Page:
Use Firebox Logging
to Understand Mobile User (IPsec) VPN
IKE and MUVPN -- a breed apart
Let’s look at a successful Phase 1 exchange in a Firebox log to appreciate the Aggressive Mode. In this example, a remote user, lisa, attempts to connect to the Trusted Network (18.104.22.168/26) from an address (22.214.171.124) somewhere on the Internet. My Firebox’s External Interface is 126.96.36.199.
77888 06/12/01 15:47:02 iked
77898 06/12/01 15:47:02 iked
77908 06/12/01 15:47:02 iked
77918 06/12/01 15:47:03 iked
77928 06/12/01 15:47:03 iked
77938 06/12/01 15:47:03 iked
77958 06/12/01 15:47:03 iked
77968 06/12/01 15:47:03 iked
77978 06/12/01 15:47:03 iked
Log entries 77888, 77898 and 77918 show the three messages that comprise an Aggressive Mode Phase 1 exchange initiated by a remote client at 188.8.131.52 to a Firebox. The first two messages (77888, 77898) use the following information to negotiate the security policy for the IKE SA:
The second and fourth messages (77898, 77918) also authenticate the responder and initiator using a keyed hash (ISA-HASH). Log entries 77928-77978 confirm IKE Phase 1 related actions (success!). The Firebox has assigned a remote user “lisa” the Virtual IP address 184.108.40.206 from the Trusted Network and is connecting from outside the Firebox at a public IP address of 220.127.116.11.
IPsec and MUVPN
-- more of the same…
Phase II begins at log entry 81848. The security policies selected for MUVPN IPsec Security Associations are negotiated using Quick Mode (log entries 81848, 81868). These messages are encrypted with DES (note the *), and a keyed message hash and nonce are included for message integrity and protection against replay, respectively.
81848 06/12/01 15:57:48 iked
81858 06/12/01 15:57:48 iked
81868 06/12/01 15:57:48 iked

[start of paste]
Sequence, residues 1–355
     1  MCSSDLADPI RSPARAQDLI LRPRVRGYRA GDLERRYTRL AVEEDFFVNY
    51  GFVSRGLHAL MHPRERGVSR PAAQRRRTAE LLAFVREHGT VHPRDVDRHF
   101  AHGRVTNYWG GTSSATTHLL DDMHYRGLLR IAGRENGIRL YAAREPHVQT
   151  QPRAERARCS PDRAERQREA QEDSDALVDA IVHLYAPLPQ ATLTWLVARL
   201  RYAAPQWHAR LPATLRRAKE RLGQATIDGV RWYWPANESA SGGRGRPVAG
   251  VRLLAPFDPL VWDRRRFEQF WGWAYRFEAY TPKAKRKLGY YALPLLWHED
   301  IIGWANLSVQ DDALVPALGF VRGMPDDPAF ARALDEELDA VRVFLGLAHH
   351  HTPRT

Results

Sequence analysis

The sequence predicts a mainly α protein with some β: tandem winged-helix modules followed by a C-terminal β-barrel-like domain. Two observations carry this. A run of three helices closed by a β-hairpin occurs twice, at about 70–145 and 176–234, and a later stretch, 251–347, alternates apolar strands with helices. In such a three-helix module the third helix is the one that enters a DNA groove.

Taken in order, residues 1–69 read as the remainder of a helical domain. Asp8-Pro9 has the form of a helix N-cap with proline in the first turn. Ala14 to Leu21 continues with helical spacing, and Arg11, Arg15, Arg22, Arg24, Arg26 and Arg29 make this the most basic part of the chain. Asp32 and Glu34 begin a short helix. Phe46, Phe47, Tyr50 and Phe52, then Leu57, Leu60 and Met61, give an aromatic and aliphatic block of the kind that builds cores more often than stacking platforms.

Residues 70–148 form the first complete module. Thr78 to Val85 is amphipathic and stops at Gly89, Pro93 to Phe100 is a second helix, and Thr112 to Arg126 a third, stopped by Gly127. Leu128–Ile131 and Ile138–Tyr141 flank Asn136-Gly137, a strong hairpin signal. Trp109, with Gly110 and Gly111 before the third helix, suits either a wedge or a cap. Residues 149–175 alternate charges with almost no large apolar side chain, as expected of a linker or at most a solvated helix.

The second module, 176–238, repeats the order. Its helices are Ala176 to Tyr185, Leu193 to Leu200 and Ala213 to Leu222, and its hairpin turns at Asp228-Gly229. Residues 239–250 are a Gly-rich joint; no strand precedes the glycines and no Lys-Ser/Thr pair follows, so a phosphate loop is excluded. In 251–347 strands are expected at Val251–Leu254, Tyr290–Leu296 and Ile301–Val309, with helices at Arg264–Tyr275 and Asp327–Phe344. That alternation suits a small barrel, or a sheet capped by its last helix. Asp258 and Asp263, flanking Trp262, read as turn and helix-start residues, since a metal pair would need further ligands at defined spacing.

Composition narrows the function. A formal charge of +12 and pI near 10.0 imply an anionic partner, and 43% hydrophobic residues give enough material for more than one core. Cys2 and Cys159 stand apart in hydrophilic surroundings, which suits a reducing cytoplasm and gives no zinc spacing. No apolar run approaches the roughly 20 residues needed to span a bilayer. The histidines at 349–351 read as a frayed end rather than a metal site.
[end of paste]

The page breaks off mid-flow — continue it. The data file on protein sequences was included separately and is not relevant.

81878 06/12/01 15:57:49 iked
81888 06/12/01 15:57:49 iked
81898 06/12/01 15:57:49 iked
81908 06/12/01 15:57:49 iked
81918 06/12/01 15:57:49 iked
81928 06/12/01 15:57:49 iked
81938 06/12/01 15:57:49 kernel ipsec:
81978 06/12/01 15:57:51 firewalld
Log entries 81888 and 81898 show the security policies selected for the two IPsec SA's between my Firebox and the MUVPN client used by lisa. There are two IDs (note them at the end of 81868) because IKE shows one apiece for the local networks at each end of the tunnel.
Log entry 81978 shows an incoming TCP connect request (SYN packet) allowed in from lisa’s host (18.104.22.168) to an FTP server (port 21) on the Trusted Network (22.214.171.124). Success! The Firebox blocks incoming FTP requests over eth0 but allows encrypted FTP sessions from authenticated remote users through the virtual interface ipsec0.
Now you've seen what a successful MUVPN connection looks like. But not everyone achieves a successful MUVPN tunnel on the first attempt. In next week's column, we'll troubleshoot unsuccessful remote access connections. See you then! ##
Was this article helpful to you? Is there a topic you'd like us to cover? Let us know by e-mailing firstname.lastname@example.org.
Copyright© 2001, WatchGuard Technologies, Inc. All rights reserved. WatchGuard, LiveSecurity, Firebox and ServerLock are trademarks or registered trademarks of WatchGuard Technologies, Inc. in the United States and other countries.